Reggaeton apparently has no place in West Bridgewater, Mass, but you will find plenty of clam chowdah, mom-and-pop places touting all-day breakfast on Sundays, and Marshmallow Fluff. Damn but those people love their Marshmallow Fluff.
In another strange twist of events, I found six boxes of baking soda in the back of Nana's cabinet (next to the Marshmallow Fluff). What she's planning, I don't know. What one can accomplish by mixing baking soda with Marshmallow Fluff might well be the really important question here.
We spent our time having coffee and hot chocolate in Plymouth and enjoying fish chowder and grilled sandwiches at places called The Milk Bottle, My Sister and I, Good Days, and Yo Biatch My Chowdah's Better Than Yours. Also visiting with The Captain (my grandpa) in the nursing home. Raphael helped around the house - took the trash down to the dump and fixed the bathroom sink and whatnot, and I made a lot of coffee and sorted through a lot of old family photos.
We also heard tons of good stories and heard my grandma call someone a bitch over coffee. See? Toldja it'd be crazy times.
We took the train into Boston on Tuesday. It was cold, this is true, oh, but what a relief from the desert! My ears were numb, and when I went into stores and caught myself in a mirror, I was all pink-cheeked and rosy. When you look like that in the desert, people tend to ask you if you're okay and if maybe you need to sit down and have some water.
On the way to dinner that night, in Boston, while deciding on which Irish pub to eat in, we met a tourist...well, actually it gets complicated. But mainly what I want to convey is that this drunk guy passed us and asked us for some money and when we (strictly speaking, the tourist) asked what he was going to do with it, he told us he was going to buy a nip. A nip! I didn't know people really used that word anymore, and that, if they did, other people would know what they meant, and quite frankly, I was thrilled. Thrilled, I tell you -- and also kind of tipsy from the Something Something Redcoat Martini I'd just imbibed while in the presence of a man wearing a tri-corner hat. Yes!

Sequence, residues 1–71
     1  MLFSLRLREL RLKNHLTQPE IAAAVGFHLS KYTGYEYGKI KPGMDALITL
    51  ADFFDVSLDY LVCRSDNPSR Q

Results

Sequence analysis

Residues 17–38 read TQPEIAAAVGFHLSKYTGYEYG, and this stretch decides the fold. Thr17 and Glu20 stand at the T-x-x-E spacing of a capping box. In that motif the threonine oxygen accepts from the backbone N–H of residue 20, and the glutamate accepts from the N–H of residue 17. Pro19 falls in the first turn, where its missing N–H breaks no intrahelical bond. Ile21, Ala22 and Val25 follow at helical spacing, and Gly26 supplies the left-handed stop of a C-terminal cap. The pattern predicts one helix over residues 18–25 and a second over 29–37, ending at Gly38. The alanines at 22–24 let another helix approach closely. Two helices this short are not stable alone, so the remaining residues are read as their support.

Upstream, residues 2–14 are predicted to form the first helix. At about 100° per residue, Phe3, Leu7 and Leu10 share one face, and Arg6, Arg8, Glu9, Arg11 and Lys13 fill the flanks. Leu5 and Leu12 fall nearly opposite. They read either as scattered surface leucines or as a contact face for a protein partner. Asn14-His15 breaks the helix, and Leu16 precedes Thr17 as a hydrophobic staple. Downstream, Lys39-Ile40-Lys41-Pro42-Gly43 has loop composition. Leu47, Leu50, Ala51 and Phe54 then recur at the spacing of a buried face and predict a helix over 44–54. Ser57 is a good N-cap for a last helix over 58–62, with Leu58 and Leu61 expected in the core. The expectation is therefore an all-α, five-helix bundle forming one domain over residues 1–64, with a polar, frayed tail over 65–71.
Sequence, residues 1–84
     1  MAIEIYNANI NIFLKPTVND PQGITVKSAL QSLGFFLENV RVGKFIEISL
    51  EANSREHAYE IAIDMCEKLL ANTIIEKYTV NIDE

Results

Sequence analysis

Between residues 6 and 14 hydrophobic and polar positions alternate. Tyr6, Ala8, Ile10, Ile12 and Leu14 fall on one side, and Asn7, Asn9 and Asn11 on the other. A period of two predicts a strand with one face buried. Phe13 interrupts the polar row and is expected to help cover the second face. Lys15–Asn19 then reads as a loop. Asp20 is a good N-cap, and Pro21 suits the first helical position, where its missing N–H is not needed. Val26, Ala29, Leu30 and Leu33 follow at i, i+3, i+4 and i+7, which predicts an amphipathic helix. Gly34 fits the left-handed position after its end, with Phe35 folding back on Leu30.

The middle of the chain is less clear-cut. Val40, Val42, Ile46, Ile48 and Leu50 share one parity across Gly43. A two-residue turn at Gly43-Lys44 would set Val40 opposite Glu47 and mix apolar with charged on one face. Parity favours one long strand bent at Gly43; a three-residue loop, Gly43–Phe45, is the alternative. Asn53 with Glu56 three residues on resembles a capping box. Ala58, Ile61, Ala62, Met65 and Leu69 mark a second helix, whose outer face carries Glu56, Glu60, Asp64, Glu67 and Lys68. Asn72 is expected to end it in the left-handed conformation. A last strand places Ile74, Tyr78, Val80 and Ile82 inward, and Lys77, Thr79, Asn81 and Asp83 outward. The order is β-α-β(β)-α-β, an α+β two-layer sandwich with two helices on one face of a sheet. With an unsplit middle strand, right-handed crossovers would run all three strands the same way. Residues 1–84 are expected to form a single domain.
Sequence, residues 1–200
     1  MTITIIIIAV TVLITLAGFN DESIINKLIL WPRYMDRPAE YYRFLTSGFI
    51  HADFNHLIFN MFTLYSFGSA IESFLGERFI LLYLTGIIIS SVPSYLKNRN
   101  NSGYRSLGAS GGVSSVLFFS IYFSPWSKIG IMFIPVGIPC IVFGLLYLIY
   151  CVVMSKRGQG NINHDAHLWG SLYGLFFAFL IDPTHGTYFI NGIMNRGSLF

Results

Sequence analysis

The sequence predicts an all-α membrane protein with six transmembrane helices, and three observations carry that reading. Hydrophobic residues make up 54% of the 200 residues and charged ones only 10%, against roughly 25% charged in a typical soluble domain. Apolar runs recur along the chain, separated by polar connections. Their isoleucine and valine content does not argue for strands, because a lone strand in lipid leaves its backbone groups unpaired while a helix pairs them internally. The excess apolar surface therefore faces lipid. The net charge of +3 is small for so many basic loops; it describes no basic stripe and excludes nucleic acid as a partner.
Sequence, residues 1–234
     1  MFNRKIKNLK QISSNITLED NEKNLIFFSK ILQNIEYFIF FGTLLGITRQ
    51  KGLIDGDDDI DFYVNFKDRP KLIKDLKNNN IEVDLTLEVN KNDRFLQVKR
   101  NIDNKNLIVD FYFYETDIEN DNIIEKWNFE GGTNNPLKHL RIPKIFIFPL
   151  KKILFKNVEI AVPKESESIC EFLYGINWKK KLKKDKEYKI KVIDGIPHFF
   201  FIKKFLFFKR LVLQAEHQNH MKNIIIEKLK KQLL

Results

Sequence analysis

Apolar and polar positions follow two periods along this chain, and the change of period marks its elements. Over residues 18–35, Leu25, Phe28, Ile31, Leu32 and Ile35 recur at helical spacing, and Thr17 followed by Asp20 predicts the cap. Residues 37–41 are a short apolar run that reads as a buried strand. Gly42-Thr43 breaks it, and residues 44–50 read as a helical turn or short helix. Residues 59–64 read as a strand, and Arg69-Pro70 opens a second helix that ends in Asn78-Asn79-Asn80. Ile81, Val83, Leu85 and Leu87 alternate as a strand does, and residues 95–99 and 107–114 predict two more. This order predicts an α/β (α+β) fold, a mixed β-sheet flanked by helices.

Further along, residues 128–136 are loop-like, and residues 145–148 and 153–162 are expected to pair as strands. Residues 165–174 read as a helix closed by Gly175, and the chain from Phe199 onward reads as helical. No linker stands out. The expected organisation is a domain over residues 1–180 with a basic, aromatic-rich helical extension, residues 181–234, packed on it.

Ohmigod, and you wonder why I love Boston.
Nana's the one on the left. Note that this was published in 1940. Nana and Aunt Jean were 16 and adorable as all get-out!
My extremely hot mother wearing a scanty skirt even by today's standards -- and that's my dad copping a feel.
Nana and Jean are the second and fourth. Which is which? Who knows? Who cares! Twins!
Nana and Taffy. They match!
Mom and The Captain - when she graduated from Wheaton College. You can't see it, but this dress is another one of those that she'd never let me out of the house in. Mom!